Introduction Aphasia is one of the most disabling sequelae after stroke, occurring in 25%–40% of stroke survivors. However, there remains a lack of good evidence for the efficacy or mechanisms of speech comprehension rehabilitation.
Trial Design This within-subjects trial tested two concurrent interventions in 20 patients with chronic aphasia with speech comprehension impairment following left hemisphere stroke: (1) phonological training using ‘Earobics’ software and (2) a pharmacological intervention using donepezil, an acetylcholinesterase inhibitor. Donepezil was tested in a double-blind, placebo-controlled, cross-over design using block randomisation with bias minimisation.
Methods The primary outcome measure was speech comprehension score on the comprehensive aphasia test. Magnetoencephalography (MEG) with an established index of auditory perception, the mismatch negativity response, tested whether the therapies altered effective connectivity at the lower (primary) or higher (secondary) level of the auditory network.
Results Phonological training improved speech comprehension abilities and was particularly effective for patients with severe deficits. No major adverse effects of donepezil were observed, but it had an unpredicted negative effect on speech comprehension. The MEG analysis demonstrated that phonological training increased synaptic gain in the left superior temporal gyrus (STG). Patients with more severe speech comprehension impairments also showed strengthening of bidirectional connections between the left and right STG.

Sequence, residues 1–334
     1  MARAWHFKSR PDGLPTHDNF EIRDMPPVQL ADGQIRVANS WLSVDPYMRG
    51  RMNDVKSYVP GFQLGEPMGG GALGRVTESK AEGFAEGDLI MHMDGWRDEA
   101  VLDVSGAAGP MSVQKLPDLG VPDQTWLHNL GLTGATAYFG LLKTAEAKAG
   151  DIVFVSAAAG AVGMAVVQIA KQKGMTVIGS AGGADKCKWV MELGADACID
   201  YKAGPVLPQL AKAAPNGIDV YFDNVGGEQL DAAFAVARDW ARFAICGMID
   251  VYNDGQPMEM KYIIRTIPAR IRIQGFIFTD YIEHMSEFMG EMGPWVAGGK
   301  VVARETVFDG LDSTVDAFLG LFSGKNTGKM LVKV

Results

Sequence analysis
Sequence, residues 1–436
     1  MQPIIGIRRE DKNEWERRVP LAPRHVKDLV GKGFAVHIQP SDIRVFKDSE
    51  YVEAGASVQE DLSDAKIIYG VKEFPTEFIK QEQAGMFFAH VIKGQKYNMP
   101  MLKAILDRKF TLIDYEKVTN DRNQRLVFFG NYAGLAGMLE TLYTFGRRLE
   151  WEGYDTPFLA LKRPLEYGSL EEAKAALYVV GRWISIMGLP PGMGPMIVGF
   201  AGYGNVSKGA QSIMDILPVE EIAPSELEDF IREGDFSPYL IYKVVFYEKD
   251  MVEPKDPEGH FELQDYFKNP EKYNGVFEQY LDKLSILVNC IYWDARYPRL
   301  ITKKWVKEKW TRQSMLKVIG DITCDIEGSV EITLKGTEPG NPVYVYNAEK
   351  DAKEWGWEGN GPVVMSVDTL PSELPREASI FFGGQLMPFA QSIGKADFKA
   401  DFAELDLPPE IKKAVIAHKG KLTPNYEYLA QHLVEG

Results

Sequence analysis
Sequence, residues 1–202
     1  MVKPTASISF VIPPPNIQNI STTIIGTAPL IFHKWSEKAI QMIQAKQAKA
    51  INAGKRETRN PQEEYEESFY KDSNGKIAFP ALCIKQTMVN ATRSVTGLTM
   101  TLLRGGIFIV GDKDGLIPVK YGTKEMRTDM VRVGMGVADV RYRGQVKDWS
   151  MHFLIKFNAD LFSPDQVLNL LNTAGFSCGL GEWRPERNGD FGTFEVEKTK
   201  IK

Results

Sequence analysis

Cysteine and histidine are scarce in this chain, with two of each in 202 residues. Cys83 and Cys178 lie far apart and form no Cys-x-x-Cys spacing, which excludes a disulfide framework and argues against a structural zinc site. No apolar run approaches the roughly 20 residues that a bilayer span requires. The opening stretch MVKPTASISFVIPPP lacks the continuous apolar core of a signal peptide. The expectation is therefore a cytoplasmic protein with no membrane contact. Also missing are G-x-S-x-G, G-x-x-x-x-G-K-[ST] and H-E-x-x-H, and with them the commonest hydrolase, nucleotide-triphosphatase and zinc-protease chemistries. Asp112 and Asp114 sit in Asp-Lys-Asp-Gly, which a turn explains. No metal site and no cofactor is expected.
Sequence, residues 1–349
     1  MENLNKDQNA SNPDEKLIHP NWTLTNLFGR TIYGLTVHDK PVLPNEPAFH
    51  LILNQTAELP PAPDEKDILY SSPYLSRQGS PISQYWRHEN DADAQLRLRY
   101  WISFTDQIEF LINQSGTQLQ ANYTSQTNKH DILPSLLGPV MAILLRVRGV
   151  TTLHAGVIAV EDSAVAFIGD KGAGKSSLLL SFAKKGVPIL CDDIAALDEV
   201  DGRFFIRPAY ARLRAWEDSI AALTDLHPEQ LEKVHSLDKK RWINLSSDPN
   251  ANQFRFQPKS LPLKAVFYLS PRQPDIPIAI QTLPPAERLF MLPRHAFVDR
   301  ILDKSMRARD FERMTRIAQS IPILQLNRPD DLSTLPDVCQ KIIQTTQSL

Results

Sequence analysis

Conclusions Phonological training resulted in a small but significant improvement in speech comprehension, whereas donepezil had a negative effect. The connectivity results indicated that training reshaped higher order phonological representations in the left STG and (in more severe patients) induced stronger interhemispheric transfer of information between higher levels of auditory cortex.
Clinical trial registration
- Wernicke’s aphasia
- speech comprehension
- phonological training
- pharmacological trial
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Funding This work was supported by the Wellcome Trust and the James S McDonnell Foundation (conducted
as part of the Brain Network Recovery Group initiative). APL and ST were supported by personal fellowships from the Wellcome Trust (ME033459MES and 106084/Z/14/Z, respectively).
Competing interests None declared.
Provenance and peer review Not commissioned; externally peer reviewed.
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